Any sort of periodized training plan, aside from being PRO, suggests an understanding of junk miles. Junk miles are the purgatory of the cycling world: Neither hard enough to be true training that will result in the coveted faster you … and not slow enough to allow you to gain any recovery at all. For most of us, the concept of junk miles was a little difficult to grasp at first. Worse yet, even when we thought we understood it, our bodies were usually slow to follow. I was lucky to have a friend who was a Cat. II to my Cat. Nothing.
“When I say easy, I mean easy,” he would say to me. My body understood “easy” the way a cat understands “heel.”
Ultimately, what we learn is that riding is a binary system. When you go hard, you go really hard, whether a three-minute interval, a full-on sprint or the half-hour climb. And when you go easy, it’s really easy. Frankly, it reminds me of a dog I had. When he was on he had the energy of a top-fuel dragster on Red Bull and anger. And when he was resting he slept the sleep of a bank vault, only with his tongue hanging out.
But there comes a point in the season when you’ve accomplished what you set out to do. Wins, upgrade points, epic rides, by late summer only the most dedicated riders still have unfinished business. The resulting mix is a once-a-year bouillabaisse of sustained fitness, great weather and waning motivation. So what is there to do?
Junk miles. Let’s hear it for going out and riding 80 percent with friends. Putting in an attack hard enough to send a message, but not so hard to leave you (or them) crippled for the rest of the afternoon. Let’s hear it for turning off the wattage meter, leaving the heart rate monitor at home and riding your priciest wheels after work. Going someplace pretty just for a change of scene.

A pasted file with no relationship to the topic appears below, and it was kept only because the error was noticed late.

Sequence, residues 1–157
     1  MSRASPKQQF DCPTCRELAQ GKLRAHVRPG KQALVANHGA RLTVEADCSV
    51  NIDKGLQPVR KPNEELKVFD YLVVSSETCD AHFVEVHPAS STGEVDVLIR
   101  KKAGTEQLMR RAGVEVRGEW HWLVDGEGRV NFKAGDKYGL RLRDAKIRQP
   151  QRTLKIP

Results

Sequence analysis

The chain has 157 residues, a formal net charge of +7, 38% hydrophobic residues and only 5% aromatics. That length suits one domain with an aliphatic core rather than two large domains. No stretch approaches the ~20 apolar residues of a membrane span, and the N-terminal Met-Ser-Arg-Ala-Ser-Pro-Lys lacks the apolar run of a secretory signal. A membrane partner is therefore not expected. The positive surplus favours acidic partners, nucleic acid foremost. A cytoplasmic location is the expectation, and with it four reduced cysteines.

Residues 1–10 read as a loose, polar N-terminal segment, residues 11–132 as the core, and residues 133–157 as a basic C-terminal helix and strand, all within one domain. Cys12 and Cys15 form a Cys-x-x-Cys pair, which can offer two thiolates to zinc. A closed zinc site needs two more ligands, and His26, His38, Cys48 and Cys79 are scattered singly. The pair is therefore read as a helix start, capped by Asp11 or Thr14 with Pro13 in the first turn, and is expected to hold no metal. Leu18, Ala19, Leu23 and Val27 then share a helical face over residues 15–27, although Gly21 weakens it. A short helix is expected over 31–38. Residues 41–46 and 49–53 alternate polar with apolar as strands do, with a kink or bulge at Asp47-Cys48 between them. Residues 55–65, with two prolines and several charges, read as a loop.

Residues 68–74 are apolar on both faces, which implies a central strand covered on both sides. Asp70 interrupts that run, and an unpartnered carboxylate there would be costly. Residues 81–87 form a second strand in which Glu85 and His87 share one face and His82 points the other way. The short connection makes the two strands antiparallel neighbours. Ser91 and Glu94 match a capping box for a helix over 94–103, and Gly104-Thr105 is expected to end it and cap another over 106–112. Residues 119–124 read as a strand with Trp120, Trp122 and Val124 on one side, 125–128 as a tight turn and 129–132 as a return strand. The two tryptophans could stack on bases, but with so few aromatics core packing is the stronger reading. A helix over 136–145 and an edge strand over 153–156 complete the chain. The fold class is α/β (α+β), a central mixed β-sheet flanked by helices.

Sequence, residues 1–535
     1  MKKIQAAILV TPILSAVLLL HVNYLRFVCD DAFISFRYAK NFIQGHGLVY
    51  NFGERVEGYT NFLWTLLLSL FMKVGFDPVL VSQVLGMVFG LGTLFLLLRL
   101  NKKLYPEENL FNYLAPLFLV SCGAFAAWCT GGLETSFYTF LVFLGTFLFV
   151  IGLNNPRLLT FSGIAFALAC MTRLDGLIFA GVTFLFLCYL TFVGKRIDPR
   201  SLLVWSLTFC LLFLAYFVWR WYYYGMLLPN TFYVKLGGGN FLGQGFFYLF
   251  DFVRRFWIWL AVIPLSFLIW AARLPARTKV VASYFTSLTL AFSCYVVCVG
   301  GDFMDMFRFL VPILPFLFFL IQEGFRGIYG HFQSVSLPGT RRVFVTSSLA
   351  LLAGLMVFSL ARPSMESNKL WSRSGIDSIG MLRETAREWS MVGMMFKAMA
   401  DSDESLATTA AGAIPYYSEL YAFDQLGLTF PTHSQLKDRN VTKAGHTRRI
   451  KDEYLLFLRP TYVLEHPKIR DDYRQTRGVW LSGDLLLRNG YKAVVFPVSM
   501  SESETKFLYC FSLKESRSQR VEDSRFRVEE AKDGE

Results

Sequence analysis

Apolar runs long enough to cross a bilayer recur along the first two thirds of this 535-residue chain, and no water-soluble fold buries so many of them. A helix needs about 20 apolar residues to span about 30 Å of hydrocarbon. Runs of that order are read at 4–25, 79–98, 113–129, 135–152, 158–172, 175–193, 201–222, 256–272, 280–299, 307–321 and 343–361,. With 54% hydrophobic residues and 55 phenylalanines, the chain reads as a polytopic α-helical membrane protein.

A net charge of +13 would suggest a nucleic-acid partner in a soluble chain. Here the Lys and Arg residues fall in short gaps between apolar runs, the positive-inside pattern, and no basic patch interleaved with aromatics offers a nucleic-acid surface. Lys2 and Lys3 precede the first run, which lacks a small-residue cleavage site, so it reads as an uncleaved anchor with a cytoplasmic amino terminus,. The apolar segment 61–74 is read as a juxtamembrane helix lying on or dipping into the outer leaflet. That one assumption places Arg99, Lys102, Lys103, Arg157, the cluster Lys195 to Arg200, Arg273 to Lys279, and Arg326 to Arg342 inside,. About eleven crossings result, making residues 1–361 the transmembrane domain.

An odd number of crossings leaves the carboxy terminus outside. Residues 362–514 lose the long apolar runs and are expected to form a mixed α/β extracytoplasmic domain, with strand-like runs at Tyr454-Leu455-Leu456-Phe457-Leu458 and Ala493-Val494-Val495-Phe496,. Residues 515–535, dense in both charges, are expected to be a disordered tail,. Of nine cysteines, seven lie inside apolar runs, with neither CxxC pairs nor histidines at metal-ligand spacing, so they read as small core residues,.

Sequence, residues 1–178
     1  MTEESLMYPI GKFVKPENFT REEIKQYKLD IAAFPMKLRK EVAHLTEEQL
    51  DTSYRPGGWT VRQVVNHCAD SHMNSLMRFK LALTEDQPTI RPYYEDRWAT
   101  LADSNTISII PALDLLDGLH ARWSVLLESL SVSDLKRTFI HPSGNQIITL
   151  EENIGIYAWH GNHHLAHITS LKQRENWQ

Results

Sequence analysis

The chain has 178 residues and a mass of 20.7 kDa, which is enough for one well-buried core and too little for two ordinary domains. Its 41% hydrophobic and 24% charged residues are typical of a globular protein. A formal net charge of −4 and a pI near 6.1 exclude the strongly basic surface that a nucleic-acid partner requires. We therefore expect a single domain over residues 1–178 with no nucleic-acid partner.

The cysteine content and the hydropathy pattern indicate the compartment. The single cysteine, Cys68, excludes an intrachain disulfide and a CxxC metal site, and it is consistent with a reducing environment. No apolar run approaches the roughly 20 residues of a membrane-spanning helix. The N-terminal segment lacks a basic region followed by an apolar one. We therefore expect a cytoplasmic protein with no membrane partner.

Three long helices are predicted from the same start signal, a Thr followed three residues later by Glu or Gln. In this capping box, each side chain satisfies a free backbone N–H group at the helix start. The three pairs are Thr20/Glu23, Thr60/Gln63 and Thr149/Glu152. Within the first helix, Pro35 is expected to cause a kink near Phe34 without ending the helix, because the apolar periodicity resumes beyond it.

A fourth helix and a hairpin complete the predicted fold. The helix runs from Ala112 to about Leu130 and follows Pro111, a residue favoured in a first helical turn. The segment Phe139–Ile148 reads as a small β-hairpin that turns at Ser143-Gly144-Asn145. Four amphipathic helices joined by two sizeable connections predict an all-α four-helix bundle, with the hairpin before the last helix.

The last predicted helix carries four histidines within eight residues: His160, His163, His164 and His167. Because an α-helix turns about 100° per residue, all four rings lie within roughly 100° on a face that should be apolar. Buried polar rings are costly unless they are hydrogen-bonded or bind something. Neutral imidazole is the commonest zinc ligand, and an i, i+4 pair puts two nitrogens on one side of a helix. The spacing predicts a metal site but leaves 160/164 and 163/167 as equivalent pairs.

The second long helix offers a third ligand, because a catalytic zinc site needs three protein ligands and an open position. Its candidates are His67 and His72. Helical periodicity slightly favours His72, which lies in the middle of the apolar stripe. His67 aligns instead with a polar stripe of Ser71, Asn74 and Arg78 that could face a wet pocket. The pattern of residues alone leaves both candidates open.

Sometimes, pretty hard is just right.
When the sh*t goes down and the screws are turned, we all wage the war against the ingress of doubt. Like cold, salty ocean water, doubt will find its way inside a breach and then… it’s only a matter of time before the ship goes down.
Following an effort so hard that it leaves the eyes bloodshot and your feet fried, a rider tries to sort out the race’s details. How can one’s fitness vary so greatly on back-to-back days? All things being equal, one can point to doubt.
At times, denying doubt is harder than any of the physical efforts doled out. When the group is strung out into a razor sharp point and riders begin popping, doubt becomes tough to ignore. At that moment, the difference between a good day and a bad day is determined by the mind’s willingness to ignore the persistant whisper of that f*#ker doubt.
Image courtesy John Pierce, Photosport International
The sticker may be the single most valuable form of currency in the bike world. On the surface, stickers are created equal, but upon closer inspection, stickers, like currencies, have differing values. Don’t get me wrong, all stickers are important, but like teaching the value of money to a child, five singles are not as valuable as a twenty dollar bill. Here is a brief tutorial on the denominations of the sticker world.